I have been a teacher for 29 years, a Headteacher for 14 years and, at the age of 53, this much I know about how Progress 8 might just be a proxy measure for poverty and EAL.
It is worth pointing out the bleeding obvious. When we were inspected back in October, I failed to point out to the inspection team that our cohort is 95%+ White British, the sixth worst performing ethnic group in England at Key Stage 4 in 2017 in terms of progress (P8 score: -0.14). The five ethnic groups whose P8 score was worse than White British were: traveller of Irish heritage (-1.13); Gypsy/Roma (-0.80); white and black Caribbean (-0.33); black Caribbean (-0.23); Chinese unclassified (-0.41). With the average P8 score for disadvantaged students being c. -0.4, then it is not hard to see that if your cohort is overwhelmingly White British and disadvantaged, then, according to the data, the challenge to secure a positive P8 score is huge.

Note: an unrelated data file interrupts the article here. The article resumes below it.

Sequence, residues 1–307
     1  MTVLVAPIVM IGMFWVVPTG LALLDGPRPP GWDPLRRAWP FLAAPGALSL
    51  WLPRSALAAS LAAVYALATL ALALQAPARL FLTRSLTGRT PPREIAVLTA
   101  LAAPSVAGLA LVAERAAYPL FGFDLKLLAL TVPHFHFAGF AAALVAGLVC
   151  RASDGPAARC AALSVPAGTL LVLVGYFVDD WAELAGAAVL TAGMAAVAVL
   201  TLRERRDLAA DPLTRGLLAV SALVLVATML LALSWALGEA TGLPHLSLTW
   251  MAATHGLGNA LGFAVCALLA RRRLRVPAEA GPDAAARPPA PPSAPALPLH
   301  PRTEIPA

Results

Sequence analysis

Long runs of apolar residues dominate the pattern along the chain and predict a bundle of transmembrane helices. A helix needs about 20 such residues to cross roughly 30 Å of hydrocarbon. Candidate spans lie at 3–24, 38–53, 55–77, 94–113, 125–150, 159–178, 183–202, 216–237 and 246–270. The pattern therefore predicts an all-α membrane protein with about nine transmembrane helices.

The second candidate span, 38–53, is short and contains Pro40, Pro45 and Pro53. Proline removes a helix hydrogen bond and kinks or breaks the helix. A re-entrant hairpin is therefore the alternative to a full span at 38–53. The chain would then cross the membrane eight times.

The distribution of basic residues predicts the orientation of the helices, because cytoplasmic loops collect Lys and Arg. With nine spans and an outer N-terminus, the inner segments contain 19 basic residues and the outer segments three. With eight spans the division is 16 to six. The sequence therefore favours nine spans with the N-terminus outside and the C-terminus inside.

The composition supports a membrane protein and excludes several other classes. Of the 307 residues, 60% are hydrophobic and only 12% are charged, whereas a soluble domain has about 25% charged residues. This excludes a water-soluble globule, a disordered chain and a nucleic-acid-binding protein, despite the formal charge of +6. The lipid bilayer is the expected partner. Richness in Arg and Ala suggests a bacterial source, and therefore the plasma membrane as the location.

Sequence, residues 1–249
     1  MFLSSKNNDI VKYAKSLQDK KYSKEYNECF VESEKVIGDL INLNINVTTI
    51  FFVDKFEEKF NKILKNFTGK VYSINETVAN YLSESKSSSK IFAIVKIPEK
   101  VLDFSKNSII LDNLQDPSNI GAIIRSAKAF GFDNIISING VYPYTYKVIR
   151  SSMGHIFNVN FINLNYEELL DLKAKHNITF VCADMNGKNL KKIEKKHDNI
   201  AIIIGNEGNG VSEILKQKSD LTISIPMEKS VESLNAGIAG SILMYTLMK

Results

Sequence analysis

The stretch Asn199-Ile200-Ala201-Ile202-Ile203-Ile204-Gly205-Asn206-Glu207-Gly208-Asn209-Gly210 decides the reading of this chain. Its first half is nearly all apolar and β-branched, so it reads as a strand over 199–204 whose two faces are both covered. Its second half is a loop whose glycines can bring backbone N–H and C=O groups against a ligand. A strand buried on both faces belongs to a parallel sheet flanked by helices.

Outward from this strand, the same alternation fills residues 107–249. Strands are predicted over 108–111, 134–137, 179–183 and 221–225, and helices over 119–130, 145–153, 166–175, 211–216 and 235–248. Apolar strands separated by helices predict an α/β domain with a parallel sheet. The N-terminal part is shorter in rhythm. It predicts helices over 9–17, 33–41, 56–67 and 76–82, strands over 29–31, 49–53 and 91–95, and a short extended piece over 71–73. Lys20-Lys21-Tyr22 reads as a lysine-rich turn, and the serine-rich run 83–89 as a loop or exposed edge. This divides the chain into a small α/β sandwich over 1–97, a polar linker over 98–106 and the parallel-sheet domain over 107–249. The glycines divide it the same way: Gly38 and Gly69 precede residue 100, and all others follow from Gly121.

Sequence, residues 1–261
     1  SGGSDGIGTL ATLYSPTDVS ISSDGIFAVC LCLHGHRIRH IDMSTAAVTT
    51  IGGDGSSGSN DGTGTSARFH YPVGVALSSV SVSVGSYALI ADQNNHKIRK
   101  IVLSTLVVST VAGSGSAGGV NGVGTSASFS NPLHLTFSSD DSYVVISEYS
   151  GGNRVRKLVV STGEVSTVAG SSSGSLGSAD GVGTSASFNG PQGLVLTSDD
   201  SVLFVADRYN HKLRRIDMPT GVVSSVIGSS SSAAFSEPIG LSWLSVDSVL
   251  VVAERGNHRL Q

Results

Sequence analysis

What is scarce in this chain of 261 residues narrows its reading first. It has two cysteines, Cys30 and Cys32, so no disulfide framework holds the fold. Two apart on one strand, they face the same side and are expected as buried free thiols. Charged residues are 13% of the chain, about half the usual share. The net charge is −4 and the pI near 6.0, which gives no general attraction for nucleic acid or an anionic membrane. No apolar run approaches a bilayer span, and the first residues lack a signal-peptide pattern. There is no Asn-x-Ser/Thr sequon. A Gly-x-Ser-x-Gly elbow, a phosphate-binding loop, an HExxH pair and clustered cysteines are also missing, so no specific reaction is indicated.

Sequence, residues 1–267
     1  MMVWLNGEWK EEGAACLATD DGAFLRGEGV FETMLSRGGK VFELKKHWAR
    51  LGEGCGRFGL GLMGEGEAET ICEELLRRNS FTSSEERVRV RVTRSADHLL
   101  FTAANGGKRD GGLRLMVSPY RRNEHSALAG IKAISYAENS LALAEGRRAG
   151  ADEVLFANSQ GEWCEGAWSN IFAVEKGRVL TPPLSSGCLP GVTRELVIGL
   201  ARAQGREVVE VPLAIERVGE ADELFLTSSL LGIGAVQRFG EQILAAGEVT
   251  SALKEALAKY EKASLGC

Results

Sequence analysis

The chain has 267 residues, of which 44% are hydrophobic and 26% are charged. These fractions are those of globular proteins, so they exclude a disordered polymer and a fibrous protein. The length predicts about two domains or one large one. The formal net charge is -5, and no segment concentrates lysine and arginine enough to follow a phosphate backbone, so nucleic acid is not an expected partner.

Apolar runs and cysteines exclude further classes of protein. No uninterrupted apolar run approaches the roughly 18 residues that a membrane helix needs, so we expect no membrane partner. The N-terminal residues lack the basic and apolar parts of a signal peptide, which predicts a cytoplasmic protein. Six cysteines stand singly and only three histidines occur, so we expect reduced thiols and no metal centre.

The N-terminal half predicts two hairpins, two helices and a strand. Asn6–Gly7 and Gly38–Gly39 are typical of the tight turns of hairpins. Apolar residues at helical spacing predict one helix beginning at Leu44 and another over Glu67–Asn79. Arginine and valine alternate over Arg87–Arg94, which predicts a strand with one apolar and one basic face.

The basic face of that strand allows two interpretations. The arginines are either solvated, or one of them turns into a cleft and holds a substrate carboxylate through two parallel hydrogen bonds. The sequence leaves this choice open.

Gorton vs York revisited. A few weeks ago I queried why a disadvantaged child in Gorton, Manchester, makes better progress than his or her York counterpart at every stage of his or her education. It prompted the Principal of Manchester Enterprise Academy in Wythenshawe in Manchester, James Eldon, to contact me. He sent me two graphs. The first graph plots the 2017 outcomes of a number of schools whose cohort is 0-5% English as an Additional Language. The Y-axis measures the schools’ Progress 8 scores and the X-axis measures the percentage of “Pupil Premium Ever 6” students:
The second graph plots the 2017 outcomes of a number of schools whose cohort is 35-40% “Pupil Premium Ever 6”. The Y-axis measures the schools’ Progress 8 scores and the X-axis measures the percentage of EAL students:
A school’s Progress 8 scores certainly measures its students’ academic progress; after looking at these two graphs, James Eldon and I wonder whether the Progress 8 score also measures the levels of poverty and EAL within a school’s student body.